What are the Influencer Tiers and Why Do They Matter?
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You’ve definitely heard of influencers, but would you be able to tell the difference between the different types of influencers? Know what sets a micro influencer apart from a mega influencer, beyond just the number of followers?
This article will walk you through the five influencer tiers, and show you why these divisions matter. As a caveat, the type of influencer you choose to work with depends entirely on your campaign objectives and budget, and if you’d like to learn more about that, check out this influencer marketing guide.
And now, without further ado, let’s get to know the different influencer tiers.
Nano influencers: 1-5K followers
Nano influencers make up the bottom of the influencer tiers. These influencers are just starting out, and they’re usually still finding their footing when it comes to content, collaborations, and curating their profiles.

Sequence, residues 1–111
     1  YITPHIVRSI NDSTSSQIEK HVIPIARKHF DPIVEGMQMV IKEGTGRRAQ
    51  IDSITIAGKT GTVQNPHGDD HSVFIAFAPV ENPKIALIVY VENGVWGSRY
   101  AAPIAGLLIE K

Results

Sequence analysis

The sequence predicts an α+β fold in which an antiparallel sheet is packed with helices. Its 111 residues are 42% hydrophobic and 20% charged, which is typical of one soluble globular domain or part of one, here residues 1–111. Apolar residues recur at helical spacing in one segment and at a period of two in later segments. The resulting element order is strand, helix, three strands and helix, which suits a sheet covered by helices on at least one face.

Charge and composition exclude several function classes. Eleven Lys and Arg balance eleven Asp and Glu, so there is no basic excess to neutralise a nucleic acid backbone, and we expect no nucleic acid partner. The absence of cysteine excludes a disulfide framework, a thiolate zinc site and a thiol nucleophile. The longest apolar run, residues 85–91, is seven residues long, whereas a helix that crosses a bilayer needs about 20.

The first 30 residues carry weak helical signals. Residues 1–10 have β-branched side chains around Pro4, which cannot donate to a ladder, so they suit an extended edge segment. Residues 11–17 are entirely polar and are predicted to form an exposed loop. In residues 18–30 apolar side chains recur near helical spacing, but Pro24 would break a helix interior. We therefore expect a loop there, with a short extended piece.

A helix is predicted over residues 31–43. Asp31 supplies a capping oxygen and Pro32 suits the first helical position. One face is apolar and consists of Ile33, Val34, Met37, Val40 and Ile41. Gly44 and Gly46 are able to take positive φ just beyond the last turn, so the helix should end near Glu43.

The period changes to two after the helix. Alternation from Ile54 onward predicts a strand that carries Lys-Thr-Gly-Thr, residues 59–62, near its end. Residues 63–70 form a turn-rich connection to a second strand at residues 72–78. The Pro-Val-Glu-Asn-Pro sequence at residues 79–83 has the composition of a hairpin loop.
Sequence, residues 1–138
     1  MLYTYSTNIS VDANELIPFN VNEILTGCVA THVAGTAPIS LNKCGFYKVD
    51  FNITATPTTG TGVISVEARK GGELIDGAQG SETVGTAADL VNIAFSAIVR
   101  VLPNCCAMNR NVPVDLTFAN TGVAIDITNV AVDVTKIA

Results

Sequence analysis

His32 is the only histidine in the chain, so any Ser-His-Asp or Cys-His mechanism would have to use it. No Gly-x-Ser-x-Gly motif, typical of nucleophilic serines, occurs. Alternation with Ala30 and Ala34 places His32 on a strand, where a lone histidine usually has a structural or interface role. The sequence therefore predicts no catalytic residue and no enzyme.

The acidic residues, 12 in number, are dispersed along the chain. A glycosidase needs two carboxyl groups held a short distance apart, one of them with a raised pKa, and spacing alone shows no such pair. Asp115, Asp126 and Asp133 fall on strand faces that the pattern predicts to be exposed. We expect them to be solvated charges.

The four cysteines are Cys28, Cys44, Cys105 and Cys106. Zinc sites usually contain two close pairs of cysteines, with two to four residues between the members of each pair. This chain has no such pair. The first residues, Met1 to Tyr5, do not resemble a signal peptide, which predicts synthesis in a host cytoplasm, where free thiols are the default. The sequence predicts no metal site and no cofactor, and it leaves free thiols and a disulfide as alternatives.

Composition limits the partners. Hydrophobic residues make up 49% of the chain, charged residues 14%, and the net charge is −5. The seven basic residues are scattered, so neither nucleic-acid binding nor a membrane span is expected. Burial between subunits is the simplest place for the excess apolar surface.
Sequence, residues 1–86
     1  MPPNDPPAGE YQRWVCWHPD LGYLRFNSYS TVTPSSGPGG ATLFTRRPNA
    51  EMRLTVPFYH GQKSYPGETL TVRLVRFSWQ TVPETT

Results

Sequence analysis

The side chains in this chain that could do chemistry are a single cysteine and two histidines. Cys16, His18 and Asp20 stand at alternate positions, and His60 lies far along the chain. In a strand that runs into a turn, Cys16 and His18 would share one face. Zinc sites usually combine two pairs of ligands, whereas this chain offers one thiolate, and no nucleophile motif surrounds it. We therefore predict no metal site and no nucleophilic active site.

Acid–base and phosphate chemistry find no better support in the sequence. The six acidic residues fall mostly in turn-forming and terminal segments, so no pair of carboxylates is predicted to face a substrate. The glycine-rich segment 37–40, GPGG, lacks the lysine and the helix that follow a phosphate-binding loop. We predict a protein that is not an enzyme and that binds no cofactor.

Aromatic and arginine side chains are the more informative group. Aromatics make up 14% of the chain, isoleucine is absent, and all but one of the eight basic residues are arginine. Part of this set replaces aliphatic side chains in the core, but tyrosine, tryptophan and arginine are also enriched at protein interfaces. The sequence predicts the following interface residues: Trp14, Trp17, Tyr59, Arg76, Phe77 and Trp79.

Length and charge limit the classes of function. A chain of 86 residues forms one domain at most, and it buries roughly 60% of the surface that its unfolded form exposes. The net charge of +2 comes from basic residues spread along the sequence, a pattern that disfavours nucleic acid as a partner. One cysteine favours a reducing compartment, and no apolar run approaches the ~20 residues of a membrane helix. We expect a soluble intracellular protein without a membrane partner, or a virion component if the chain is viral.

The pros of nano influencers is that they come across as extremely authentic. They don’t look like celebrities; they’re ordinary people who seem real and relatable to their followers. Because of this and other factors, nano influencers generally have the highest engagement rate averages in the industry. This means they have a strong connection with their audience, who take the time to engage with their content through likes, comments and reposts.
@jayahasson is a nano influencer from Chicago who posts about yoga and wellness. She has 2.7K followers, and as you can see from her caption on this post, publishes content about gifted products.